Get started: make a dress for $ 10
DAVID UNWIN / Tips
Sew in the ManawatÅ« Standard office with the cheapest material and machine from Spotlight. A faithful office cushion is the victim of pins.
Journalist Sinead Gill tries to create her own outfit for a fraction of the cost of a ready-made design.
I’m sick of paying $ 80 for a dress that looks like a curtain, or for two in a row that fall apart in a matter of months.
You wouldn’t know it from our retailers, but the average size in New Zealand is around 16.
I’ve never heard of a size 10 struggling to find an outfit to suit their age, yet at size 22 if I want to buy local my choice is to dress like I have ashamed of my body, or with such a prominent cleavage that it could trick passers-by into forgetting that I’m fat.
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Every fat woman knows the ups and downs of shopping online, the eternal gamble of paying three times the price for an item that might be okay – even great – but is often of poor quality and made in terrible conditions. .
The only solution to a non-existent or unethical oily fad I can think of is to make them myself.
And if you’re a hands-on learner like me, and Youtube alone isn’t enough, then a local lady with a sewing machine is not far from a social media call or web search. .
In Palmerston North, there is Supergrans, a network of volunteers – not all actually grandmothers – who teach life skills for free. When I contacted them, they were running three sewing workshops a week.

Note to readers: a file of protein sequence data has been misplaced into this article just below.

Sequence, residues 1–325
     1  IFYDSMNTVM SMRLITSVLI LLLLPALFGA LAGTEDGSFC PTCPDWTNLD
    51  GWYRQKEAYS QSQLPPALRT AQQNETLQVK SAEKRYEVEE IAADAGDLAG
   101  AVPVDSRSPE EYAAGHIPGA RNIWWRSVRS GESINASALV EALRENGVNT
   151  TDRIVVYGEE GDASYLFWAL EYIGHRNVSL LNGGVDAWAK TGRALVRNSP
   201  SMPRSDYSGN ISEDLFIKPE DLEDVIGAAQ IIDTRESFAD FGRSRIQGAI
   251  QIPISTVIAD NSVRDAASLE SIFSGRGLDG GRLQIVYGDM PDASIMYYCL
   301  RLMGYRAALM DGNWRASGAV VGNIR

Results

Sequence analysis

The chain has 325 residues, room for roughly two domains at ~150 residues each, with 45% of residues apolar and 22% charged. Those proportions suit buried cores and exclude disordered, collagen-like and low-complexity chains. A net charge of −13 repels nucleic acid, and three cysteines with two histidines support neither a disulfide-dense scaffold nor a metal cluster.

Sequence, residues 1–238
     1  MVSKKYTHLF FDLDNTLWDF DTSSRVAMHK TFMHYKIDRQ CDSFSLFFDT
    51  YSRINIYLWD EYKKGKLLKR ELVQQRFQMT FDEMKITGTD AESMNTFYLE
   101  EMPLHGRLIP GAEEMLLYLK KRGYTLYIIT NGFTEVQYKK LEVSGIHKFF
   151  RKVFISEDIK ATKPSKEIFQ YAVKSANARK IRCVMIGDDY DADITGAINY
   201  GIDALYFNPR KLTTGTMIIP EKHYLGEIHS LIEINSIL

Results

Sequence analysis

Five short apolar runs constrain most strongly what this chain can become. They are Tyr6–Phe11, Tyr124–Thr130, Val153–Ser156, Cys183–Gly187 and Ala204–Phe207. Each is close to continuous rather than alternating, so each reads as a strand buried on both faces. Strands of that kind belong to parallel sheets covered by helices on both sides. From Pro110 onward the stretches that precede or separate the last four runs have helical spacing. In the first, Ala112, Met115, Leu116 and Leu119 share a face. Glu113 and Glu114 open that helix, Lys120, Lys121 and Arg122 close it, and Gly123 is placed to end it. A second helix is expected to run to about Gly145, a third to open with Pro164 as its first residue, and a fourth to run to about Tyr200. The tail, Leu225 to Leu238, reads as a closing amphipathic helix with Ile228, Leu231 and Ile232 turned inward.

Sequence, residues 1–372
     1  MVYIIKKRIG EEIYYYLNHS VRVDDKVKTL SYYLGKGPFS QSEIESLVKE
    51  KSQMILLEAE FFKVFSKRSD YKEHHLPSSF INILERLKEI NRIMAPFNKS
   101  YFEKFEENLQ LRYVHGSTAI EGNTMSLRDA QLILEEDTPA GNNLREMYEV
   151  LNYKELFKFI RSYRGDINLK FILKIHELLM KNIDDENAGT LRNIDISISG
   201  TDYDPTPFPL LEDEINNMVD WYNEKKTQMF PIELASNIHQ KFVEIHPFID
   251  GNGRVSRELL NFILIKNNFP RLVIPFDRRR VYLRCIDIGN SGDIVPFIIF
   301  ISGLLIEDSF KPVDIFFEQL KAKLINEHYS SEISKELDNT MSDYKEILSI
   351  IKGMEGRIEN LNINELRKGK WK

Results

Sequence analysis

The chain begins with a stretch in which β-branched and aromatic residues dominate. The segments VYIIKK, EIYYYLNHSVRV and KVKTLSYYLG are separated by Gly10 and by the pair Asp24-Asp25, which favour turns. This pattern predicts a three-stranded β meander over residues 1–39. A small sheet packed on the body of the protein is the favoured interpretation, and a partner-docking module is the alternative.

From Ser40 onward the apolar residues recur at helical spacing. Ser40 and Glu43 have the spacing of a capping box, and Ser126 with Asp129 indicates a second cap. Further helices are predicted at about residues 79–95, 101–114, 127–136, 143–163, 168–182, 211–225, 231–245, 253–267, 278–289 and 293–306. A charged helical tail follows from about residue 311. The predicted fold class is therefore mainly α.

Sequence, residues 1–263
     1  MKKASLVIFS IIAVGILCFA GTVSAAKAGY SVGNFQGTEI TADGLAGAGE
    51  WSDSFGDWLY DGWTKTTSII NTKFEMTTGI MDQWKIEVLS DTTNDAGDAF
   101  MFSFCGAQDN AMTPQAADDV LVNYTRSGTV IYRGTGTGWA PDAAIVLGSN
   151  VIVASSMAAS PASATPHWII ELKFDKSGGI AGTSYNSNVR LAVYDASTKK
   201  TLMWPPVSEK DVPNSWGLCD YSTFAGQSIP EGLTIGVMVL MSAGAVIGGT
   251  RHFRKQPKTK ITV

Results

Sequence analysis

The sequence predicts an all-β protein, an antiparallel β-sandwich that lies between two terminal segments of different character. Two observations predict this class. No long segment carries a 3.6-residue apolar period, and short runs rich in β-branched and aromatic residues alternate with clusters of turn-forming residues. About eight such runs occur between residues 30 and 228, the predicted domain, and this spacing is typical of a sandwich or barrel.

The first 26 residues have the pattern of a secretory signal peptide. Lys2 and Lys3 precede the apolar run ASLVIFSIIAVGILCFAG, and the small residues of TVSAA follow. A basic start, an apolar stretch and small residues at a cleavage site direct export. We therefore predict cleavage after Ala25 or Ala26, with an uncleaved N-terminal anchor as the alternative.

I got associated with Pam, who made my lofty dream of replicating a basic dress that I already own from scratch come true.
I had made my first mistake before arriving. As it turns out, Spotlight’s cheapest fabric is cheap for a reason – it’s thin enough to spit through and a bit sheer, yet light enough that an underlay isn’t uncomfortable in the summer.
We pressed, laying the dress front, then back – seam to seam – and tracing a pattern along a large sheet of paper. It got more complicated when we had to figure out how much space to give the darts – those pieces bent close to the chest or waist – that give clothes a certain shape.
The rest was pretty much the same and surprisingly easy to do, with a handful of little bits and pieces that, if done badly, would ruin the whole thing.
Making the pattern and cutting all the pieces was a two hour process. Sewing over the next two days on my solitaire took another two and a bit.
The result was passable for a first try, and now I have the pattern to redo it with a better fabric.